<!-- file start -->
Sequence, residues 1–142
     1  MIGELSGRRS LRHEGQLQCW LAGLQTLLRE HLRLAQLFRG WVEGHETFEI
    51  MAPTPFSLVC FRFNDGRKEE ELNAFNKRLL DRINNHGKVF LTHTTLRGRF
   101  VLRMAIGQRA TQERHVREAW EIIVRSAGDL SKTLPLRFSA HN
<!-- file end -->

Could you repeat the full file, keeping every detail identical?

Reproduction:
Sequence, residues 1–142
     1  MIGELSGRRS LRHEGQLQCW LAGLQTLLRE HLRLAQLFRG WVEGHETFEI
    51  MAPTPFSLVC FRFNDGRKEE ELNAFNKRLL DRINNHGKVF LTHTTLRGRF
   101  VLRMAIGQRA TQERHVREAW EIIVRSAGDL SKTLPLRFSA HN